About Atlas Distributing
A beverage distributor makes room for an influx of craft beers without adding a single inch of new floor space. How did the distributor do it? SpanTrack from UNEX helped roll out the “amber” carpet for New England’s growing cast of flavorful brews.
At Atlas Distributing, Inc., Director of Operations Shaun O’Halloran faced a conundrum: His inventory of craft beers had steadily increased in the past year, and more were on the way.
“We had anticipated growth in the craft beer industry,” recalls Shaun. “Inventory was growing in the cooler, and it seemed like we were getting new SKUs every day.”
In late 2013, Atlas Distributing was awarded the distributorship for Yuengling, a popular lager from a brewery in Pennsylvania. “Yuengling had not been distributed in Massachusetts since the early 1990s, so this was a big deal — and a big line, which meant we needed to plan accordingly for the most efficient and effective use of our warehouse space,” says Shaun.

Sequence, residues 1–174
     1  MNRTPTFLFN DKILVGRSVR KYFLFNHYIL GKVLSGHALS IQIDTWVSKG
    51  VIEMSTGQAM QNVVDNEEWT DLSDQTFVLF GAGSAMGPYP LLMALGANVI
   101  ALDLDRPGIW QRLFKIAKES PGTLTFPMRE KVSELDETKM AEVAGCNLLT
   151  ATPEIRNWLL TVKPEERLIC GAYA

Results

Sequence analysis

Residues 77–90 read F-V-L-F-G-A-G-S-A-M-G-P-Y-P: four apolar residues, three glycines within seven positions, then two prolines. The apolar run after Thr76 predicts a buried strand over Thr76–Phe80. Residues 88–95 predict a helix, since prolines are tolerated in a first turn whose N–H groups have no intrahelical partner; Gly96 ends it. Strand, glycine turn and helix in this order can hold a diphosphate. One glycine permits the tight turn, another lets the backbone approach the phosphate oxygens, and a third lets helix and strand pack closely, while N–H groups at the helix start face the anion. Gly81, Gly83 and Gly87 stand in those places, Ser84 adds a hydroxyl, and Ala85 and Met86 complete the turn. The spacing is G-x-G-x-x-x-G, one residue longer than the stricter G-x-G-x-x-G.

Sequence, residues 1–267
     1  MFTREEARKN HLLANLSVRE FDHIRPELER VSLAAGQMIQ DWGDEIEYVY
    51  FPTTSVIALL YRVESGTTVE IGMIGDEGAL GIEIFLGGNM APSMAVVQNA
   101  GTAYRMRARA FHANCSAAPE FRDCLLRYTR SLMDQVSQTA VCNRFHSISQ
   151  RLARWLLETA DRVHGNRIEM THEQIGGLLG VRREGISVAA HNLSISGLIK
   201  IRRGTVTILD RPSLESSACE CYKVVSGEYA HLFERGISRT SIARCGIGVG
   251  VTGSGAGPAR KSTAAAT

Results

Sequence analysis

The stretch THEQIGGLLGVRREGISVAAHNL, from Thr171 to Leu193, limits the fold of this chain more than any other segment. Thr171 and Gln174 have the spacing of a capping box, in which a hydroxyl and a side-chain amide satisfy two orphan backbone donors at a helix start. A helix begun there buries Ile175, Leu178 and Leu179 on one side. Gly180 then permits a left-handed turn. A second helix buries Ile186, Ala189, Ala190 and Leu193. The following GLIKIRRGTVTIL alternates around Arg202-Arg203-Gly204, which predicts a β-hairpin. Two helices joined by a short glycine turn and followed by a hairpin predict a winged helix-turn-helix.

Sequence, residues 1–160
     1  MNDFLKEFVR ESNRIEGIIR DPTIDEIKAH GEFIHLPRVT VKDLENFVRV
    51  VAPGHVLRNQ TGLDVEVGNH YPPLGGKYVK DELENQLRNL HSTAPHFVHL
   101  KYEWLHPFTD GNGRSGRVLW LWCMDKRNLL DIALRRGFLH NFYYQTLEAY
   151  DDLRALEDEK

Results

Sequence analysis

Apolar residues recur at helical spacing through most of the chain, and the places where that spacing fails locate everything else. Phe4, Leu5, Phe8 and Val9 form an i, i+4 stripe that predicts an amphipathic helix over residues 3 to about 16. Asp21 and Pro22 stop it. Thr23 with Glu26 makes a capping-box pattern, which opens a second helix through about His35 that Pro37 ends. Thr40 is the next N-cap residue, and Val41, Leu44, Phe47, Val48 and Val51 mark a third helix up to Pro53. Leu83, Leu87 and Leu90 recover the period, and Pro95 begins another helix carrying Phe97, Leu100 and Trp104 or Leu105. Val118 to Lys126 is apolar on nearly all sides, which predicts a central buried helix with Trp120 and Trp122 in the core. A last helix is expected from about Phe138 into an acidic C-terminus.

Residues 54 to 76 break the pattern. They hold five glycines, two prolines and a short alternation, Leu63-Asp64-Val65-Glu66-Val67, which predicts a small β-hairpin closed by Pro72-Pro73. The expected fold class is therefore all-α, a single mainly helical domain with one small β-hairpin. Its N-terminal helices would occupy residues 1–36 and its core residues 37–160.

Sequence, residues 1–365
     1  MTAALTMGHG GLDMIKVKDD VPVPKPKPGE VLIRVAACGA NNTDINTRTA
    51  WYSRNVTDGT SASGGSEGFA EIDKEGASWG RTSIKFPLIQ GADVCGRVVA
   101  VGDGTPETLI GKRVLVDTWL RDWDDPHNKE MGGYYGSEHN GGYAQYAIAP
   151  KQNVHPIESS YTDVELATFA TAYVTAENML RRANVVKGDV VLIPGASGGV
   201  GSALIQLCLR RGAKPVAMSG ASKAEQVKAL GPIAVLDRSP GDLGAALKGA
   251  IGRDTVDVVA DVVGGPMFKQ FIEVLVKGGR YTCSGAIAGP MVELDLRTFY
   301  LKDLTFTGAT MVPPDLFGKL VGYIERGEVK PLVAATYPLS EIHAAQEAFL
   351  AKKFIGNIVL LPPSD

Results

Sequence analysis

Inside the World of Atlas
Founded in 1933, Atlas Distributing, Inc. distributes more than 1,500 types of alcoholic and non-alcoholic beverages, including kegs and cases to customers in central Massachusetts. Beer makes up approximately 1,100 of those SKUs, including a growing list of craft beers that creative breweries churn out at a rapid clip.
“Long gone are the days when you walk into a bar and see four handles for beers on tap. Now, some bars have as many as 25 handles,” says Shaun. “Once consumers try craft beer, they appreciate the flavor profile and want to try others.”
The variety is great for beer lovers but creates challenges for distributors who have to make room for full and partial kegs, like the 1/2 and 1/6 kegs warehoused at Atlas Distributing, Inc. In the beer distribution industry, space isn’t the only challenge in the cooler. Picking the 165-pound 1/2 kegs and 60-pound 1/6 kegs (sixtel) is also a heavy burden for workers. Between space constraints, inefficiencies for pickers, and safety issues, the problem in a beer distributor’s cooler area is anything but pint-sized.